Serial offender – The Frozen Ground review

The Frozen Ground

By Richard Haridy
December 10, 2013

After years of running a successful advertising agency in New Zealand, Scott Walker decided he wanted to become a film director and began researching the case of Alaskan serial killer Robert Hansen, who raped and murdered at least 17 women throughout the 1970s and early 1980s. Now Walker offers us his debut feature, The Frozen Ground, a clunky hybrid that sits uncomfortably on a precipice between true-crime drama and serial killer thriller.

Nicolas Cage plays Jack Halcombe, a state trooper who discovers a pattern linking numerous missing women. Halcombe suspects a serial killer is at play but isn’t sure until he stumbles across the case of Cindy Paulson (Vanessa Hudgens). Cindy is a young prostitute who recently escaped the clutches of the nasty Hansen (John Cusack) only to have local police disbelieve her story. Halcombe teams up with Cindy to bring Hansen down while a sceptical police force look on.

The Frozen Ground

Considering the scope and novelty of the Robert Hansen case, it’s quite surprising to have never seen this story hit the screen. Walker uses his Alaskan location well, depicting the chilly landscape in a visceral fashion but I’m not sure he’s a sensitive enough filmmaker to tackle a real-life narrative. There is a compellingly lurid quality to The Frozen Ground as it wallows in the more exploitative corners of its story. (A scene following Hudgens as she smokes meth for the first time before stripping lingers a little too long to be considered entirely tasteful while scenes of Hansen with his other victims feel a little pulpy and sensational.)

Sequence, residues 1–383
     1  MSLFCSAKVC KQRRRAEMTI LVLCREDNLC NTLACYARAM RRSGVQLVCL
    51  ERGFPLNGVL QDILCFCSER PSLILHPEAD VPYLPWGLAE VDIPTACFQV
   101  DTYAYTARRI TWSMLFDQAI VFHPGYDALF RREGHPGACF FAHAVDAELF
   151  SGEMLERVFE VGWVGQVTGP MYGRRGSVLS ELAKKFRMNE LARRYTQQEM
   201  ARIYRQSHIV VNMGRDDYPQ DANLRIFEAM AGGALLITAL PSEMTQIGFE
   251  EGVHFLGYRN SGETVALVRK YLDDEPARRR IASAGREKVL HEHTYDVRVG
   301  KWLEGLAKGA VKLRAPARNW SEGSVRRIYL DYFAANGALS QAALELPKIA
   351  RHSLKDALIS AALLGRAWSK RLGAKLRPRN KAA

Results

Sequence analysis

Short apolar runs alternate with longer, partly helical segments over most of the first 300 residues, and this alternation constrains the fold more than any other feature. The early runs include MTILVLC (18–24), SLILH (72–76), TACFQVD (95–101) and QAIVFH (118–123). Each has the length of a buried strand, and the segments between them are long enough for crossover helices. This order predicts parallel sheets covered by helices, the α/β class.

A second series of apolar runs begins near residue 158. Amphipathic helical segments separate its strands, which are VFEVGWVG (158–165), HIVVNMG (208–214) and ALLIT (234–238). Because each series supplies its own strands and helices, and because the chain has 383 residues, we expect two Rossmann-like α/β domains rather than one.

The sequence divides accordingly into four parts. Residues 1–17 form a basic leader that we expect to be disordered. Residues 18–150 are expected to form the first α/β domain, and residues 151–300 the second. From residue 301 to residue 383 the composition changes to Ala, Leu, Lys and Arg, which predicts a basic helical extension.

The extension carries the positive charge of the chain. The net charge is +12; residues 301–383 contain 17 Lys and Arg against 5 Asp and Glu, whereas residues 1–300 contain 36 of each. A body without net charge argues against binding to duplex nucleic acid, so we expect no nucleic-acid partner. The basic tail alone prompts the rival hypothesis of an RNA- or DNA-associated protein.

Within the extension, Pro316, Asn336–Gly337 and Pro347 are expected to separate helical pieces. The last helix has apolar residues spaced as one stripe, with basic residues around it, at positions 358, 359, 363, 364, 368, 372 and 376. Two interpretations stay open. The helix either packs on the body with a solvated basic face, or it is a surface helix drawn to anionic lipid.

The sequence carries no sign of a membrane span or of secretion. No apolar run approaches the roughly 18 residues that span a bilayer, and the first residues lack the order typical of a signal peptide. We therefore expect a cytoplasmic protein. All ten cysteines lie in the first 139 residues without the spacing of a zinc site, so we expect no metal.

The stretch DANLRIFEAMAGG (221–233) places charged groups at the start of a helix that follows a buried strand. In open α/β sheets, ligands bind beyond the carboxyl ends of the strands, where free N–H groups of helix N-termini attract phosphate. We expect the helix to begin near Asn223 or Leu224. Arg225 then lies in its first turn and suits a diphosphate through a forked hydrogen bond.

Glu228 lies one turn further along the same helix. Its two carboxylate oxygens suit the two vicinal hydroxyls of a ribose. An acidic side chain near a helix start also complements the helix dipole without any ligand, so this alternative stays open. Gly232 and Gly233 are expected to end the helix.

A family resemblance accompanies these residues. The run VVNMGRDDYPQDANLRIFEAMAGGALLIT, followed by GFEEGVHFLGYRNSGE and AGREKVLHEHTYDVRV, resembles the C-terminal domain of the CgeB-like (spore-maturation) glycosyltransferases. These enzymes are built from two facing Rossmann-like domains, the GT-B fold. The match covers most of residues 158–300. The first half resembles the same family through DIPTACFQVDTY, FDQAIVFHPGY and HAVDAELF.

A strong cast work hard to elevate the clichéd material, with Cage successfully playing it completely straight and Cusack turning in an exceptionally low-key performance. Radha Mitchell, Dean Norris, and 50 Cent all add support, making sure the film feels more than a B-grade serial killer story.

Ending with a horrible rock song playing over a montage of photographs showing us the faces of Hansen’s real victims, The Frozen Ground is trying its best to act as a genuine tribute to the victims of a horrible crime. Unfortunately, it falls way short of its target. Though still functioning as a solid genre piece, the chasm between intention and execution is embarrassingly apparent.


The Frozen Ground will be available on Quickflix from December 18, 2013.

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